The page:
Next week: Monster Hunter World.
One of my favorite things about Spirit Island, my current favorite solitaire/co-op game, is how R. Eric Reuss’ design isn’t the usual solitaire/co-op paradigm. You know the paradigm from Pandemic, Arkham Horror, Flash Point, Zombicide, Dawn of the Zeds, Nemo’s War, and so on. Four bad things spawn, but you only have three actions to take bad things off the board. Now survive until the game clock runs out. It’s a rote exercise in plugging leaks that arbitrarily ends at some point and you either made it and won or didn’t and lost. The other alternative is punching something with a lot of hit points until you win. Sure, there are some exciting variations in the punching, such as the superhero decks in Sentinels of the Multiverse or the economic engines spooling up to cycle cards in a deck-builder called Aeon’s End. But it still comes down to punching a big bag of hit points.
Enter Unicornus Knights, a refreshingly unique solitaire/co-op game with its own paradigm. Want to play a cool game where secret destinies unite allies and enemies, interesting characters navigate a randomized map, and love conquers all? First, allow me to introduce Princess Cornelia, who is going to screw it all up.
This can’t possibly be worse than that thing we saw with Liam Neeson on a train, can it?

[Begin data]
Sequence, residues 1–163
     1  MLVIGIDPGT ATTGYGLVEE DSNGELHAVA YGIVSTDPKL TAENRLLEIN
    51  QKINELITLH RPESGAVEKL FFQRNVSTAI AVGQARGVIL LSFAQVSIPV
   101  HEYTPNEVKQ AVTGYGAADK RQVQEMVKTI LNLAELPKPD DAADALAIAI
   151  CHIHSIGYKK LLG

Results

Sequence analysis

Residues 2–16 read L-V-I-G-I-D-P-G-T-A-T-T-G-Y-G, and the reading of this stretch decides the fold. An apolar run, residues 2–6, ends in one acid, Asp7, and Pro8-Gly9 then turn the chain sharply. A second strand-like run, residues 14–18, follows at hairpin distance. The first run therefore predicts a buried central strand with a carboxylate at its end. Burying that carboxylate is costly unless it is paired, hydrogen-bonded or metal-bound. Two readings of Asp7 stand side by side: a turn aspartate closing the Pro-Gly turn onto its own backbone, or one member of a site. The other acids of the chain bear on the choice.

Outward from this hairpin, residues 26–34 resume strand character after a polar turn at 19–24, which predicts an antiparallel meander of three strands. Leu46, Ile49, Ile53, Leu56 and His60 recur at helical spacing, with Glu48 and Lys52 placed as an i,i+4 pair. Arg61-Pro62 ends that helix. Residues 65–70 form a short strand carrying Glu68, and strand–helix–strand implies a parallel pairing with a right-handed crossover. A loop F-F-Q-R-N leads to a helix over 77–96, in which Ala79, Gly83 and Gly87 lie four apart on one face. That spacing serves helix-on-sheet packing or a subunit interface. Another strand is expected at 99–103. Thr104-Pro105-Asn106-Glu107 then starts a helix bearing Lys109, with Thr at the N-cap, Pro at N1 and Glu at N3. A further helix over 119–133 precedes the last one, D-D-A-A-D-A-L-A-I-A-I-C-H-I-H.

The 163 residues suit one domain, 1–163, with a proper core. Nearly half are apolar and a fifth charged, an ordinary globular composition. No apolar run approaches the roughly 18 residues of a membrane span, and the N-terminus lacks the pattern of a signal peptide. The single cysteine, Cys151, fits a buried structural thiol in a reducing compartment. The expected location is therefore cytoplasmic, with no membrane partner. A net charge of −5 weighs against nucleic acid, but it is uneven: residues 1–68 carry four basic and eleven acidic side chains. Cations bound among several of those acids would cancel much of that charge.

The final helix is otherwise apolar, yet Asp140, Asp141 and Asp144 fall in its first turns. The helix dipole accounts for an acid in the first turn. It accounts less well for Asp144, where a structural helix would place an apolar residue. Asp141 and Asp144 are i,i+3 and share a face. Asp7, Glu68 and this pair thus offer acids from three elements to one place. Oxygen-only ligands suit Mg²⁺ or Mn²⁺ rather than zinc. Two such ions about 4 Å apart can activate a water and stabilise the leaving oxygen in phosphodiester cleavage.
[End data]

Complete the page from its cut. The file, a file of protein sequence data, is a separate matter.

Next week: The Cloverfield Paradox
Most of Fup feels like a comedic short story. Like more profane Charles Portis or less absurd George Saunders. Maybe the sort of thing John Kennedy O’Toole might have written if he’d been alive to keep writing. But Fup stands apart for where Jim Dodge goes with his humor. He’s writing to amuse, to be sure. But he’s also writing to bring you someplace philosophical, perhaps even spiritual, but without any of the weight of philosophy or spirituality. It’s ultimately a tangle of homespun wisdom that lapses into folklore. The punchline isn’t really a punchline. It just might be a parable.
Let’s get nautical! We talk a bit of Sea of Thieves and Subnautica. Then we towel off to discuss Dominions 5, Life Is Strange, Empire Deluxe, Scavengers SV-4, and Runewars. Plus a quiz.
The Charterstone box is a nearly perfect expression of the experience of playing. It’s mostly blank. An empty sky. There’s nothing there. It’s unpainted. A canvas. Or rather, it doesn’t even exist yet. Not a void that has swallowed stuff, but an immaculate space waiting for your contribution. Oh, look, there’s a little patch of artwork on one side. A tiny zeppelin hovers over some crates. There are two quaint and assuming buildings behind it. This is how your game of Charterstone will begin. Twelve games later… Well, I’ll get to that in a sec.
10tons Ltd., an indie developer in Finland, has been making twin-stick shooters since 2003, when they released Crimsonland. Since then, they’ve done various workaday projects — anyone for a round of Sparkle 2 on the iPad? — but their heart is clearly in the the top-down wholesale slaughter of innumerable dumb enemies. With Tesla vs Lovecraft, they’ve gone back to their first love.
First a little talk about Only the Brave, Lovesong, and whichever one of the Pirates of the Caribbean movies Kellywand watched. Then we discuss continuity errors in movies for this week’s 3×3.
Next week: Den of Thieves